"Dancer's pose always makes me feel powerful and free!" - Alison

By Alison Silack

When I first signed up for the Yoga Seed’s 200-hour teacher training, I wasn’t sure if I wanted to teach—or, rather, I wasn’t sure if I was capable. I had been toying with the idea for a few years and finally mustered the courage to just do it already. The timing was right, the money was available and, newly sober, I was feeling better than I had in a long time and eager to take my long-held dreams and put them into action. I went into the experience with very few expectations about what it would be like and what the results of my training would be. All I knew was this alleged “comfort zone” I’d been hiding in for years was starting to get really uncomfortable and I wanted nothing more than to bust down the walls and break out of it, to finally see what I was actually capable of accomplishing.

I walked into that first weekend of assisting training excited and really, really nervous. In opening circle, I introduced myself in a voice that quivered with nerves and admitted right off the bat how grateful I was to be there but also how utterly terrified. Heads nodded in agreement and I thought, “Hm. This is a safe space. I think I can be vulnerable here.” But the nervousness didn’t fade just then and I spent the bulk of that weekend and the next feeling socially anxious and unsure. I made mistakes. I cried in my car on my lunch break. I left each day feeling exhausted in every sense of the word. But I didn’t give up. Something in me knew that the pain and discomfort would be worth it, eventually.

I kept coming back. It started getting better. (Not easier, but better.) I continued to share my thoughts and fears during opening and closing circle and continued to see compassionate faces looking back at me as if to say, “me too.” I started making friends, despite my awkwardness that just won’t quit. We started practice teaching and I discovered that, not only did I not hate it, I loved it, just as I loved everything we were learning about asana, pranayama, meditation, yogic philosophy, anatomy, and social justice. I cried a lot, but I also laughed a lot, and on the weekends I wasn’t there, in the safe space that we as a group had created, I missed it terribly.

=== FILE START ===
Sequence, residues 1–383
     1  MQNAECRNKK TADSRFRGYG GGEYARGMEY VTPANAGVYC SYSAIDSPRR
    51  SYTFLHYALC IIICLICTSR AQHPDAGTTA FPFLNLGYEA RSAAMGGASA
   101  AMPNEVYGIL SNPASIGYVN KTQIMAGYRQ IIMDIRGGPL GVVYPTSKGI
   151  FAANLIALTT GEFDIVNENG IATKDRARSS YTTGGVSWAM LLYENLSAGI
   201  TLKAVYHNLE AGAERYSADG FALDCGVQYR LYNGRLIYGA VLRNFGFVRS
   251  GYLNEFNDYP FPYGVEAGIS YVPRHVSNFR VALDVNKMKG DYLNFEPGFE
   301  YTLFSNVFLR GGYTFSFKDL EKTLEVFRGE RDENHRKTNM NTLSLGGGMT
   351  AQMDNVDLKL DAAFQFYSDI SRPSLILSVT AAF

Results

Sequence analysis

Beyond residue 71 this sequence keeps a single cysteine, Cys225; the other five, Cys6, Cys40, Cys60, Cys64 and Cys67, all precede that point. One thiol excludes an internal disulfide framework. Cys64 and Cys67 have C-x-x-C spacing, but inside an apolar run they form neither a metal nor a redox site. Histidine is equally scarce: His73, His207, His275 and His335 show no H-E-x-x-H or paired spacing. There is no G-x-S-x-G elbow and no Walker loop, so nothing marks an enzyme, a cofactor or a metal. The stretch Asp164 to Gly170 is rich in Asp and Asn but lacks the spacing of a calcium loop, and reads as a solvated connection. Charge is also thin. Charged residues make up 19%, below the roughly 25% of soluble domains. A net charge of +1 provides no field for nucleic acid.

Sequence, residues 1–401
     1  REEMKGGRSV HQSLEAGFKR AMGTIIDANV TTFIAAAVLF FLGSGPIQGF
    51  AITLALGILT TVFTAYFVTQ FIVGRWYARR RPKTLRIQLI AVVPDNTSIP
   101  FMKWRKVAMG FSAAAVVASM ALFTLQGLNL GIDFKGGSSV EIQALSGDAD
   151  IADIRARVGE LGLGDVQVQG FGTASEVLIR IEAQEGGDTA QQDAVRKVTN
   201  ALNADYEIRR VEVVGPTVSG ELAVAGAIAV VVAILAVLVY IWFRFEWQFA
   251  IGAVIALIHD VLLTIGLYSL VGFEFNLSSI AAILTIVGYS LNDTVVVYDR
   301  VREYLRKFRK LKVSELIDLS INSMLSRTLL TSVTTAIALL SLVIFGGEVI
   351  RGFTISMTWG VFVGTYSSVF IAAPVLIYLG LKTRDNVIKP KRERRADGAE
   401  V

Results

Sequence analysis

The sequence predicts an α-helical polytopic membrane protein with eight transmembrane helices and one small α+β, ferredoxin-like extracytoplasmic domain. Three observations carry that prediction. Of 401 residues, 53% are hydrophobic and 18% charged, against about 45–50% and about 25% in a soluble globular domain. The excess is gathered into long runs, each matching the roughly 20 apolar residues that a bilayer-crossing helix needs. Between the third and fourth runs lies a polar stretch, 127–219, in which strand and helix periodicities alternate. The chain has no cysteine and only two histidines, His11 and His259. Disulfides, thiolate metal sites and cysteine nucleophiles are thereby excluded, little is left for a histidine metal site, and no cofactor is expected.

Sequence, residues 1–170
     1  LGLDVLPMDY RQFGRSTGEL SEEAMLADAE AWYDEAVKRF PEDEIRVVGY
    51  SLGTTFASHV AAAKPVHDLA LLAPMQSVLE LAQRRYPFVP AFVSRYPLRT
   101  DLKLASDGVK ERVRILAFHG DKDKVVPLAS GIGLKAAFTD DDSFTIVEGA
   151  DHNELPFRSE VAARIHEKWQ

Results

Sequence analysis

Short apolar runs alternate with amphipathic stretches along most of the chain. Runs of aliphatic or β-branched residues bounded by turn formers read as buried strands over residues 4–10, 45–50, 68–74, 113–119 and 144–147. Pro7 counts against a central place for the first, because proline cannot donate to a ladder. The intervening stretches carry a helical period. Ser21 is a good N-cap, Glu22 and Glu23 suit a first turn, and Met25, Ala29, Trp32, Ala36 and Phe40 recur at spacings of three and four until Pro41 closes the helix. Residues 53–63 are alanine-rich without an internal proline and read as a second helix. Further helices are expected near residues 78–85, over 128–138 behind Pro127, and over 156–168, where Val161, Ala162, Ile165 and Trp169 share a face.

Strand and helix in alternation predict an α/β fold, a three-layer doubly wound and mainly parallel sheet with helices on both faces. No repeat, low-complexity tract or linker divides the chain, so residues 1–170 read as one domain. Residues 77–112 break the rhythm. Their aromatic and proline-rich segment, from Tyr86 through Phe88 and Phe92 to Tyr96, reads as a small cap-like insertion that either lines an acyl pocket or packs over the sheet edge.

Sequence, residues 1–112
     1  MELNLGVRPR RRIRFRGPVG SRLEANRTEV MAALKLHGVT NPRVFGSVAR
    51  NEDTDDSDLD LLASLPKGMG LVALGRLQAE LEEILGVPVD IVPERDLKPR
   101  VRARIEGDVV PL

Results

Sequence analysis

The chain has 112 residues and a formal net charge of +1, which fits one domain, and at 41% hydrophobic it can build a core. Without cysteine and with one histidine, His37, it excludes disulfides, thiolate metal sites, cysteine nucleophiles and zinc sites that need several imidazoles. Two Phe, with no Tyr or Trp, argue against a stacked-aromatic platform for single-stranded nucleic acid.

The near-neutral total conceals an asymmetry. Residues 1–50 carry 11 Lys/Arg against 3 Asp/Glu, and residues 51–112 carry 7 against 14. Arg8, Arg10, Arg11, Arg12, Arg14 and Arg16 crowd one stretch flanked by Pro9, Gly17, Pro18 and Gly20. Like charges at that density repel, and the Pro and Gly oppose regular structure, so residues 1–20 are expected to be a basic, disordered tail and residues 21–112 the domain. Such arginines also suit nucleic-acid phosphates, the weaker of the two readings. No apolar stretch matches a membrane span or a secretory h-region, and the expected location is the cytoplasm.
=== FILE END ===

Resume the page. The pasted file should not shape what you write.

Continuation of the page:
Teacher training asked a lot of me. Aside from the obvious things, like time and money, it asked me to look at parts of myself long-hidden; it asked me to examine my habits and patterns and their effect on my well-being; it asked me to examine the ways in which I relate to myself and others; it asked me to learn the new-to-me languages of sanskrit and anatomy; it asked me to teach before I felt ready; it asked me to be vulnerable and open and brave; it asked me to do a lot of sun salutations. But it asked me to do all of these things in the embrace of loving, supportive community, and in the warmth of that embrace, I started to grow wings. Each time I was scared to do something, and did it anyway, and started to see that the fear of the thing is nearly always a million times worse than the doing of the thing, those wings got a little bit bigger. They’re still growing today, but they’re big enough to help me fly now and then. Cheesy metaphors aside, what I’m trying to say is it was worth it.

My road to yoga teacher training included nearly three years of dancing on the fence, wanting to take the leap but not trusting myself to do so. I fully believe that this was the road I had to take, but perhaps your journey there needn’t take so long. If you find yourself on the fence about teacher training, I urge you take a moment to sit quietly with yourself and examine the reasons behind this indecision. If you discover the driving force to be fear—that you’re not ready, that you’re not good enough, that you don’t have what it takes—I encourage you to step right into that fear. Make that leap. Take that chance. Go for it. Though the experience will most certainly be challenging, I’d venture to say it will be worth it for you, too. Challenge, after all, is a prerequisite for growth.